Logic is an Alien Concept

Quote of the Day

As the Court previously explained, the issue in this case is whether ATF may properly regulate a component as a “frame or receiver” even after ATF determines that the component in question is not a frame or receiver. It may not. Logic dictates that a part cannot be both not yet a receiver and receiver at the same time. Defendants’ reliance on that logical contradiction is fatal to their argument.

Reed O’Connor
June 30, 2023
VanDerStok v. Garland

One should not be surprised the antigun people tried doing something that did make logical sense. Logic has always been an alien concept to their type.

Those 80% receivers, at least at the Federal level, continue to be legal. At the state level please seek the advice of a firearms lawyer before you post your new build on social media.


7 thoughts on “Logic is an Alien Concept

  1. And in case we needed reminding. That brand of stupid is endemic with communists. And if not for the courts would be applied to life’s every possible manner and circumstance. (Thank you for your donations, Joe!)
    For this is not just about firearms.
    It pretty much matches the logic of being able to change your gender, or that CO2 is a pollutant.
    The scary part is that we only have seen the minions at work. Their masters must be the totally gone.
    Logic isn’t a foreign concept here, it more like it’s been surgically removed.

  2. To most leftists’ logic is a concept that rises up their intellectual capacity to comprehend. To most of the rest they quite simply do not care. Logic is irrelevant if it poses an obstacle to their agenda. And to the leftists in power their agenda is our total and complete disarmament. Thus, anything they do is acceptable…logical or otherwise. As long as it serves their agenda. What they are doing and why is not complicated, it’s not a secret. They don’t even TRY to hide their motivations, agendas or plans. All they need to do is keep trying and they know that EVENTUALLY they will succeed. The solution? Remove them from this mortal plane so they can’t keep trying. Nothing else will stop them.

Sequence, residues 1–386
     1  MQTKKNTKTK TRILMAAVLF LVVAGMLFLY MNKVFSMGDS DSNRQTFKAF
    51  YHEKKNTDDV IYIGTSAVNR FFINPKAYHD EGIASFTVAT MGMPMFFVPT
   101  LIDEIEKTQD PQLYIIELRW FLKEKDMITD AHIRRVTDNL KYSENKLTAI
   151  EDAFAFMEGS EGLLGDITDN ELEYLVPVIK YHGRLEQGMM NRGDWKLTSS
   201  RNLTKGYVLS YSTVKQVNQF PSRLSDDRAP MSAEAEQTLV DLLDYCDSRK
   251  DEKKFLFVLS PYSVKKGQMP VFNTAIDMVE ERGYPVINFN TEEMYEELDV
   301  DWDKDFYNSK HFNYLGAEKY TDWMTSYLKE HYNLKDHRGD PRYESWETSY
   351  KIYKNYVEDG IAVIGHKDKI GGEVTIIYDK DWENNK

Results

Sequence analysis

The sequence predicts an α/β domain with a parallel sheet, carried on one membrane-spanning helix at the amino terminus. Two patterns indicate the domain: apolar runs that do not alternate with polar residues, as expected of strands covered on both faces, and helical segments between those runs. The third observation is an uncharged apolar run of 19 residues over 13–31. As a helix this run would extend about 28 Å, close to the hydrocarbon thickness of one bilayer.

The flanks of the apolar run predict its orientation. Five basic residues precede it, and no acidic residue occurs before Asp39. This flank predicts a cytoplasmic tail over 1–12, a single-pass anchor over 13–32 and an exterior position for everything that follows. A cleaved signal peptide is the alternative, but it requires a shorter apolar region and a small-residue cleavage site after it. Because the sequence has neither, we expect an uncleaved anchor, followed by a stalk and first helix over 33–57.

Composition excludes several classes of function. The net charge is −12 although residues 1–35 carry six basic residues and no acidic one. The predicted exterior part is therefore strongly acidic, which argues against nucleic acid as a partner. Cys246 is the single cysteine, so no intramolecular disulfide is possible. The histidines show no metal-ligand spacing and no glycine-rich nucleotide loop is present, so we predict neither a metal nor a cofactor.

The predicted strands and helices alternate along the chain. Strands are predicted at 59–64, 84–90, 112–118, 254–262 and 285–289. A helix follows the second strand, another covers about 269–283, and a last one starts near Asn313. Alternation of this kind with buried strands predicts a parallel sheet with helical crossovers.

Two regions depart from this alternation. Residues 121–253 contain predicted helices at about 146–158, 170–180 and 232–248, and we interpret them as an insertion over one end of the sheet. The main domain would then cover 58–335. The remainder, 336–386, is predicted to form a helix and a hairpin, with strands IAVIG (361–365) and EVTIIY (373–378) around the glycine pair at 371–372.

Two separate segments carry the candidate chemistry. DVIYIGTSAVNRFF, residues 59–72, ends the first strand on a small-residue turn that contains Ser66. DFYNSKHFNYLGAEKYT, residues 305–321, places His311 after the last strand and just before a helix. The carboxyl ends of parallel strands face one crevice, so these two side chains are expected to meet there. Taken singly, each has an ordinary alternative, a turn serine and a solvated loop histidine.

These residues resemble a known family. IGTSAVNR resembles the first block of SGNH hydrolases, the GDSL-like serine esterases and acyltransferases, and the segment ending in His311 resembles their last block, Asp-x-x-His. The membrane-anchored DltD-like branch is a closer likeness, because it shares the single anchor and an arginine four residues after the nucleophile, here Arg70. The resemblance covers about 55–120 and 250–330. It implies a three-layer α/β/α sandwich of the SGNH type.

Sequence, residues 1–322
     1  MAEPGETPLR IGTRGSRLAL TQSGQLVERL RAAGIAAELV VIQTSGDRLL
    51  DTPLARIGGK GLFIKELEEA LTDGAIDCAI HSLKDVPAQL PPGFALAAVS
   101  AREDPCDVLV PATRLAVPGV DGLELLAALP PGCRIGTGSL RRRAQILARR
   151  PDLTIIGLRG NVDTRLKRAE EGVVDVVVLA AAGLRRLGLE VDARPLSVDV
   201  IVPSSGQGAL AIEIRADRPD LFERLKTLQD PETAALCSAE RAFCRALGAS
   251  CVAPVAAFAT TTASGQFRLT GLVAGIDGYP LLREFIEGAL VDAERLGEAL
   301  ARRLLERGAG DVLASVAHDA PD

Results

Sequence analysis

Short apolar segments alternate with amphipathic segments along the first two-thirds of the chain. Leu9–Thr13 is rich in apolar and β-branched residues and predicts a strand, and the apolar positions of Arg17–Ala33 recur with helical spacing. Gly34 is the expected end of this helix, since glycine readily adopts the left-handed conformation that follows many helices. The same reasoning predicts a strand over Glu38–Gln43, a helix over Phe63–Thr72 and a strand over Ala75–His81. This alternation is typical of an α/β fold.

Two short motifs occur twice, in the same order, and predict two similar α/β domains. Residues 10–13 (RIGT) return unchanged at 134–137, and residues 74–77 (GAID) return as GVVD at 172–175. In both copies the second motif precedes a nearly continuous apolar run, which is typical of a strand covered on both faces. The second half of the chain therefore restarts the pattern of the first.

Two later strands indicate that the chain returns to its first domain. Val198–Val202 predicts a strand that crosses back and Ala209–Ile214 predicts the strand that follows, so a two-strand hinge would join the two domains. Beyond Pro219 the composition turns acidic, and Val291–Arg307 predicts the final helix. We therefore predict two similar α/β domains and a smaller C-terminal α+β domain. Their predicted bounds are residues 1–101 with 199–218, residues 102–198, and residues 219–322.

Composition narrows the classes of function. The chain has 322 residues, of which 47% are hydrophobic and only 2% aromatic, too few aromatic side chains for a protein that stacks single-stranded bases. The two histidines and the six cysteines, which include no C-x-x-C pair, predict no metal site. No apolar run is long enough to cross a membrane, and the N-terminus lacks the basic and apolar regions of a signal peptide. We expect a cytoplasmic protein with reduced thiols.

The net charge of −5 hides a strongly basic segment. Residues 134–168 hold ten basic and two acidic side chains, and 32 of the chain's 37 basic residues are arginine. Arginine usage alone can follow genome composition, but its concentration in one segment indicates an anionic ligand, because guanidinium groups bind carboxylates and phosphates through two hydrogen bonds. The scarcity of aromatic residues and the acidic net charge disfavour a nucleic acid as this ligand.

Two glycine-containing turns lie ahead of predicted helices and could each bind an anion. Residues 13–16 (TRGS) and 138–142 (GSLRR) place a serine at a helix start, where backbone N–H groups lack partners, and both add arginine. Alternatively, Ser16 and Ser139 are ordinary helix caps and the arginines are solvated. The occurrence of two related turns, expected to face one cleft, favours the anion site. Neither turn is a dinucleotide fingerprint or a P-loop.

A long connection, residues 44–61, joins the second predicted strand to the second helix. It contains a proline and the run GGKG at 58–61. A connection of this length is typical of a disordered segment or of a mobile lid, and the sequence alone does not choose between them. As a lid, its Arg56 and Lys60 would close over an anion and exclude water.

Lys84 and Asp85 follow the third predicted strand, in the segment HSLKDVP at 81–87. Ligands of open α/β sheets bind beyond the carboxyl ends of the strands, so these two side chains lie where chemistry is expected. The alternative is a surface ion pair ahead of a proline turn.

3. As pointed out elsewhere: I’ve seen people celebrating that all laws restricting access to home-finishable receivers are struck down by this ruling. That is NOT the case.

    The only thing this decision did is strike down the BATFE’s Final Rule on frames/receivers. No state laws were impacted.

    It wasn’t even decided on 2nd Amendment grounds; the decision clearly says as much — the judge didn’t even begin to weigh the Constitutional arguments. He found that the BATFE exceeded its statutory authority when it “interpreted” the definition of “frame or receiver” — as passed by Congress (this is important) — to include items not covered by the statutory definition. That definition can be changed, but it must be changed by an Act of Congress; the BATFE does NOT have the authority to unilaterally change it themselves. Thus, the Final Rule was ruled unconstitutional.

    Not because home-made firearms are protected by 2A — we know they are, but that wasn’t the question posed by the challenge — but because the BATFE simply does not have the authority to change what only Congress can change. Period. Full stop.

    (Now let’s see this case’s outcome applied to the Bump Stock rule, and its unilateral expansion of the Congress-passed statutory definition of “machine gun”.)

  4. Schrodinger’s receiver? At some quantum level a piece of metal (or plastic) could simultaneously be|not be a frame?

    • Or as Tam points out: 80% receivers? They sell 95% Sten receivers down at Home Depot, no background checks required!

      BATFE has a history of making its regulations as vague and double-meaning as they can get away with, to cast the widest net possible. If they can make a rule that a hunk of plastic or metal can be both “a receiver” and “not a receiver”, then gun owners’ (and citizens’ in general) legal standing would be constantly subject to the whims of BATFE agents and supervisors, which is just how they like it.

      After all, if a shoelace can be both “a machine gun” and “not a machine gun”, you could conceivably be arrested at any time for your footwear, depending on how the BATFE feels at the moment.

    • I thought of that, too! But I don’t think Congress or the ATF is smart enough to get that past the lawyers and judges. Especially when the law must be understandable by ordinary citizens.

      • “the law must be understandable by ordinary citizens” — yes, that would be a nice rule. Robert Heinlein proposed it in one of his short stories. But it isn’t an actual rule as far as I know.

        If anything, the opposite. We’re routinely told the principle that “ignorance of the law is no excuse” when at the same time the Feds crank out 200 or so pages of Federal Register every day. So, in reality, no one does and no one can know what the law is, because it’s impossible to keep up with such a torrent of crap. Quite apart from the inherent power of juries to nullify (as Lysander Spooner argued so well back in 1852) that observation would make a nice supporting argument for a jury to use.

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